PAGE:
Fluorine's first ionization energy is third-highest among all elements, behind helium and neon, which complicates the removal of electrons from neutral fluorine atoms. It has a high electron affinity, second only to chlorine, tends to capture an electron to become isoelectronic with the noble gas neon. Fluorine atoms have a small covalent radius of around 60 picometers, similar to those of its period neighbors oxygen and neon; the bond energy of difluorine is much lower than that of either Cl2 or Br2 and similar to the cleaved peroxide bond. Conversely, bonds to other atoms are strong because of fluorine's high electronegativity. Unreactive substances like powdered steel, glass fragments, asbestos fibers react with cold fluorine gas. Reactions of elemental fluorine with metals require varying conditions. Alkali metals cause; some solid nonmetals react vigorously in liquid air temperature fluorine. Hydrogen sulfide and sulfur dioxide combine with fluorine, the latter sometimes explosively. Hydrogen, like some of the alkali metals, reacts explosively with fluorine.
Carbon, as lamp black, reacts at room temperature to yield fluoromethane. Graphite combines with fluorine above 400 °C to produce non-stoichiometric carbon monofluoride. Carbon dioxide and carbon monoxide react at or just above room temperature, whereas paraffins and other organic chemicals generate strong reactions: fully substituted haloalkanes such as carbon tetrachloride incombustible, may explode. Although nitrogen trifluoride is stable, nitrogen requires an electric discharge at elevated temperatures for reaction with fluorine to occur, due to the strong triple bond in elemental nitrogen. Oxygen does not combine with fluorine under ambient conditions, but can be made to react using electric discharge at low temperatures and pressures. Heavier halogens react with fluorine as does the noble gas radon. At room temperature, fluorine is a gas of diatomic molecules, pale yellow, it has a characteristic halogen-like biting odor detectable at 20 ppb. Fluorine condenses into a bright yellow liquid at −188 °C, a transition temperature similar to those of oxygen and nitrogen.
Fluorine has two solid forms, α- and β-fluorine. The latter crystallizes at −220 °C and is transparent and sof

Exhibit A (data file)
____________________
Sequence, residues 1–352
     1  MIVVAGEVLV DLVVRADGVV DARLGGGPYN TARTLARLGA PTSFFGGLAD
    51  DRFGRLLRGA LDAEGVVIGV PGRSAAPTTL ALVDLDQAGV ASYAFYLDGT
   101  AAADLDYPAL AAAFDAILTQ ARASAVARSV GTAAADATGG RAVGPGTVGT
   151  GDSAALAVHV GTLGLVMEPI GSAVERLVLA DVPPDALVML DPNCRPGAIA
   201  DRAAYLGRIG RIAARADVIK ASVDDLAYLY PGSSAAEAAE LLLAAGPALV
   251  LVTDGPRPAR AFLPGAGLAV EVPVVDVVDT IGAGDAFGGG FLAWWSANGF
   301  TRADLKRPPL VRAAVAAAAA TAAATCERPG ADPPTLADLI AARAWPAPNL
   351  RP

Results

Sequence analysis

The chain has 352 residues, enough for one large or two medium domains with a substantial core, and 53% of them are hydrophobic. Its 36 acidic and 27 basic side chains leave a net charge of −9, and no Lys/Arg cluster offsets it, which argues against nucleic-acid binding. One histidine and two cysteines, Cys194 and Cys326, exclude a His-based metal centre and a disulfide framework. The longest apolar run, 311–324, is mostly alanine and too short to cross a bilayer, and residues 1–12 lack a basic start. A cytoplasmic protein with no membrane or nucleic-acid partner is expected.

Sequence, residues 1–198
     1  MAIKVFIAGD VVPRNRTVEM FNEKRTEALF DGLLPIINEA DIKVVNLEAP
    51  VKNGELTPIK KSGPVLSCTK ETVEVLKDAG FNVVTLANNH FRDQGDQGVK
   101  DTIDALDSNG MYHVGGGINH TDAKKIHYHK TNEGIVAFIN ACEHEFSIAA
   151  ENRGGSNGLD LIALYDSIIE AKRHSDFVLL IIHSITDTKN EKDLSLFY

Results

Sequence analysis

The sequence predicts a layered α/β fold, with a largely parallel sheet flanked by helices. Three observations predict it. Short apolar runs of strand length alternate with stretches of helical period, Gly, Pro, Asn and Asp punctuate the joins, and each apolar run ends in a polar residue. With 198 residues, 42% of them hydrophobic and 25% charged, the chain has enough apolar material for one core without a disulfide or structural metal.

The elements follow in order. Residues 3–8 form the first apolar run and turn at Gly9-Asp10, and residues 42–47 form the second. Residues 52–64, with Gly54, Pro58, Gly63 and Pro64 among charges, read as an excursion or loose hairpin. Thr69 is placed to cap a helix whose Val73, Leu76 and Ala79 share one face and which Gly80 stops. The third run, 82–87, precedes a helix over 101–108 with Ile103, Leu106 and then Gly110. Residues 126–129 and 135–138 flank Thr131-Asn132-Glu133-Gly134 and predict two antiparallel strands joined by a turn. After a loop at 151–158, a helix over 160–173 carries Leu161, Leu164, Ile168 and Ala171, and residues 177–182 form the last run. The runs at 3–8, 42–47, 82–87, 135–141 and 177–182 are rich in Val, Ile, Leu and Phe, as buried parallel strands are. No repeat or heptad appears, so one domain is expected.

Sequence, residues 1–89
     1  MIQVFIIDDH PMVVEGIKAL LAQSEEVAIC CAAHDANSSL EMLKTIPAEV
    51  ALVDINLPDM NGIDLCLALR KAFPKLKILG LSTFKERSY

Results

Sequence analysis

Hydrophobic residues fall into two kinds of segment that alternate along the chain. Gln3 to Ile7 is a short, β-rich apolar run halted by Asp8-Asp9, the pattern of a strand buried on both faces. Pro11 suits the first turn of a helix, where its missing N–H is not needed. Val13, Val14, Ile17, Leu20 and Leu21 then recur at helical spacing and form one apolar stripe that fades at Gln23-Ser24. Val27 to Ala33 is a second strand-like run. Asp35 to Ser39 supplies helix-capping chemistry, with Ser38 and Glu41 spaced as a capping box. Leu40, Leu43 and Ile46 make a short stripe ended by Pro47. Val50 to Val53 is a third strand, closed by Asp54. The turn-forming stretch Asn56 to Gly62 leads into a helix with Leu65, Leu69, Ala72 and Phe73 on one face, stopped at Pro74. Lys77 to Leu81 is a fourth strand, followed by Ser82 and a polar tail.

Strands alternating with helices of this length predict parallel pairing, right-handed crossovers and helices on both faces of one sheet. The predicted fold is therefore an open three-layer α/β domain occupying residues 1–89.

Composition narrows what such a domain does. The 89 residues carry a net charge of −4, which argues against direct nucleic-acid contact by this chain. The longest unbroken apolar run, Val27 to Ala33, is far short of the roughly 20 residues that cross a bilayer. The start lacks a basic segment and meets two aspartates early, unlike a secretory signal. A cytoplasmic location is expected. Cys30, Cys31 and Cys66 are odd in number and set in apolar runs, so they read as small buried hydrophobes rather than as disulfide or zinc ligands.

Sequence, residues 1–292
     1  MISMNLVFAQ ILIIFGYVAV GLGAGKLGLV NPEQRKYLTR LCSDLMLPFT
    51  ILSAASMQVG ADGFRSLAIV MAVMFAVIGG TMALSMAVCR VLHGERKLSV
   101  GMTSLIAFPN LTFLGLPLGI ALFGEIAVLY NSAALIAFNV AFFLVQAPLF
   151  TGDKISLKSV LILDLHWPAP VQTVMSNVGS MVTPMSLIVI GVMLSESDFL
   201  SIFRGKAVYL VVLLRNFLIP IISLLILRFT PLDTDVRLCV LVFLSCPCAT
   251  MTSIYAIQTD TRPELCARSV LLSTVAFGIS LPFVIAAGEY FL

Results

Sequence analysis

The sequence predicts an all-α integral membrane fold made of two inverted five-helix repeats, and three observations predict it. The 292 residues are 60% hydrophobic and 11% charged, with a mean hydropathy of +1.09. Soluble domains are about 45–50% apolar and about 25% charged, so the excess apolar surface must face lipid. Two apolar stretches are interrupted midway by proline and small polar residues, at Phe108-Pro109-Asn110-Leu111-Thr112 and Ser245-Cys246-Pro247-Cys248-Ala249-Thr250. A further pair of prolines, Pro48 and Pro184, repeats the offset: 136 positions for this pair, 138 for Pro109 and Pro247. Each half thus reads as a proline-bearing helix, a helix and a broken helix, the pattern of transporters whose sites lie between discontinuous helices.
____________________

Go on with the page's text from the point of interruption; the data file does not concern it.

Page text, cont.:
In crystallography, a vacancy is a type of point defect in a crystal. Crystals inherently possess imperfections, sometimes referred to as crystalline defects. A defect in which an atom is missing from one of the lattice sites is known as a "vacancy" defect, it is known as a Schottky defect, although in ionic crystals the concepts are not identical. Vacancies occur in all crystalline materials. At any given temperature, up to the melting point of the material, there is an equilibrium concentration. At the melting point of some metals the ratio can be 1:1000; this temperature dependence can be modelled by N v = N exp where Nv is the vacancy concentration, Qv is the energy required for vacancy formation, kB is the Boltzmann constant, T is the absolute temperature, N is the concentration of atomic sites i.e. N = ρ N A / A where ρ is density, NA Avogadro constant, A the atomic mass, it is the simplest point defect. In this system, an atom is missing from its regular atomic site. Vacancies are formed during solidification due to vibration of atoms, local rearrangement of atoms, plastic deformation and ionic bombardments.
The creation of a vacancy can be modeled by considering the energy required to break the bonds between an atom inside the crystal and its nearest neighbor atoms. Once that atom is removed from the lattice site, it is put back on the surface of the crystal and some energy is retrieved because new bonds are established with other atoms on the surface. However, there is a net input of energy because there are fewer bonds between surface atoms than between atoms in the interior of the crystal. Crystallographic defect Schottky defect Frenkel defect Crystalline Defects in Silicon
Wayne State University
Wayne State University is an American public research university located in Detroit, Michigan. Founded in 1868, WSU consists of 13 schools and colleges offering nearly 350 programs to more than 27,000 graduate and undergraduate students. Wayne State University is Michigan's third-largest university; the WSU main campus comprises 195 acres linking more than 100 research buildings. The Wayne State Warriors compete in the NCAA Division II Great Lakes Intercollegiate Athletic Conference; the first component of the modern Wayne State University was established in 1868 as the Detroit College of Medicine. In 1885, the Detroit College of Medicine merged with its competitor, the Michigan College of Medicine and its consolidated buildings. In 1913 the school was restructured as the Detroit College of Medicine and Surgery, passing under that name into the control of the Detroit Board of Education; these institutions are incarnated today as the Wayne State University School of Medicine. In 1881, the Detroit Normal Training School for Teachers was established by the Detroit Board of Education.
In 1920, after several re-locations to larger quarters, the school became the Detroit Teachers College. The Board of Education voted in 1924 to make the college a part of the new College of the City of Detroit; this became the Wayne State University College of Education. In 1917, the Detroit Board of Education founded the Detroit Junior College and would make Detroit Central High School's Old Main Hall its campus. Detroit's College of Pharmacy and the Detroit Teachers College were added to the campus in 1924, were organized into the College of the City of Detroit; the original junior college became the College of Liberal Arts. The first bachelor's degrees were awarded in 1925; the College of Liberal Arts of the College of the City of Detroit is today the Wayne State University College of Liberal Arts and Sciences. Recognizing the need for a good public law school, a group of lawyers, including Allan Campbell, the school's founding dean, established Detroit City Law School in 1927 as part of the College of the City of Detroit.